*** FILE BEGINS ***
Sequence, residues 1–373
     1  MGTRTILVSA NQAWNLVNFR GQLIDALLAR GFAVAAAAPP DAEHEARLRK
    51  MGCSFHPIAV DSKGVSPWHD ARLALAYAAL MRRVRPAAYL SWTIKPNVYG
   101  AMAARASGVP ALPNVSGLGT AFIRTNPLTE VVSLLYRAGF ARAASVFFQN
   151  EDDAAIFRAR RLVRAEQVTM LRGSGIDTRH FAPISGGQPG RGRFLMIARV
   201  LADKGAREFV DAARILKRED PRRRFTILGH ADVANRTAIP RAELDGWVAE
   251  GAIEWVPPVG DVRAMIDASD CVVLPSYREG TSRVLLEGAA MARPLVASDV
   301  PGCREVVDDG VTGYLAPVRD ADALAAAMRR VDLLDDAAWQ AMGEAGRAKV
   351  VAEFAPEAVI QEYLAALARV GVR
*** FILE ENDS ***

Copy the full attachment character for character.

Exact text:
Sequence, residues 1–373
     1  MGTRTILVSA NQAWNLVNFR GQLIDALLAR GFAVAAAAPP DAEHEARLRK
    51  MGCSFHPIAV DSKGVSPWHD ARLALAYAAL MRRVRPAAYL SWTIKPNVYG
   101  AMAARASGVP ALPNVSGLGT AFIRTNPLTE VVSLLYRAGF ARAASVFFQN
   151  EDDAAIFRAR RLVRAEQVTM LRGSGIDTRH FAPISGGQPG RGRFLMIARV
   201  LADKGAREFV DAARILKRED PRRRFTILGH ADVANRTAIP RAELDGWVAE
   251  GAIEWVPPVG DVRAMIDASD CVVLPSYREG TSRVLLEGAA MARPLVASDV
   301  PGCREVVDDG VTGYLAPVRD ADALAAAMRR VDLLDDAAWQ AMGEAGRAKV
   351  VAEFAPEAVI QEYLAALARV GVR